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Free diabetes checks from Coalition

DiabetesFeb 09 11

A MILLION free health checks to detect the early onset of chronic diseases such as diabetes will be given at work places and chemists under a state Coalition government.

In the battle of the bulge ahead of next month’s poll, the Opposition will today announce a $10 million health check plan aimed at keeping people out of hospital. People will be offered free tests for blood pressure, cholesterol, diabetes and even waist measurements to detect obesity.

If an abnormal or “at risk” result is returned, the chemist will then recommend the patient visit a doctor.

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Study on effects of resveratrol and quercetin on inflammation and insulin resistance

DiabetesDec 24 10

A study was carried out to examine the extent to which quercetin and trans-resveratrol (RSV) prevented inflammation or insulin resistance in primary cultures of human adipocytes treated with tumor necrosis factor-a (TNF-a)—an inflammatory cytokine elevated in the plasma and adipose tissue of obese, diabetic individuals. Cultures of human adipocytes were pretreated with quercetin and trans-RSV followed by treatment with TNF-a. Subsequently, gene and protein markers of inflammation and insulin resistance were measured. The authors report that quercetin, and to a lesser extent trans-RSV, attenuated the TNF-a–induced expression of inflammatory genes such as interleukin (IL)-6, IL-1b, IL-8, and monocyte chemoattractant protein-1 (MCP-1) and the secretion of IL-6, IL-8, and MCP-1.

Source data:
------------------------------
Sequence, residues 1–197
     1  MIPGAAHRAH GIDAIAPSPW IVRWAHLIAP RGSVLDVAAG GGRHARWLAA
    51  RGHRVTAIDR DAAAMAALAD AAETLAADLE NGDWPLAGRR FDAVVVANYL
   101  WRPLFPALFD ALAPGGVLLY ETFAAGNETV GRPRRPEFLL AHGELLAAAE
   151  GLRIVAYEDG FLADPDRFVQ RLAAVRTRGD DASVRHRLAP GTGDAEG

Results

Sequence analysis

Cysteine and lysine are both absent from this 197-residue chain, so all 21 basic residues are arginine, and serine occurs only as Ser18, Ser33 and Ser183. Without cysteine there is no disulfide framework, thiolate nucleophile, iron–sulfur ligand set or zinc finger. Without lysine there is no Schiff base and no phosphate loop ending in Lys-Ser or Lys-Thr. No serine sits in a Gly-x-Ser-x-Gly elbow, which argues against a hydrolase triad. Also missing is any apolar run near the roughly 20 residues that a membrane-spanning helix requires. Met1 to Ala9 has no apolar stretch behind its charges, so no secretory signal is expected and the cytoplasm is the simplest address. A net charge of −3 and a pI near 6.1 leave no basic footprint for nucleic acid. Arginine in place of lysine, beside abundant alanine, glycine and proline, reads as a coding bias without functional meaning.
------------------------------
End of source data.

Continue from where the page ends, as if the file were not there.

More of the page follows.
Forum members were concerned about certain aspects of the study, especially the extrapolation of in vitro results to in vivo situations. The in vitro conditions the authors describe are minimally representative of an in vivo condition. In vivo, after consumption of quercetin or resveratrol, these compounds undergo extensive metabolism, leading to glucuronidated, sulphated or methylated compounds. In a previous study, quercetin 3-glucoside was transformed to 3,4-dihydroxyphenylacetic acid, acetate and butyrate in cells from human gut; only 3’-methylquercetin has been detected in human plasma, present at a concentration of 0.1 to 0.2 µM after 3 h. The authors of the current paper are using concentrations up to 60 µM, concentrations which have not been found in vivo.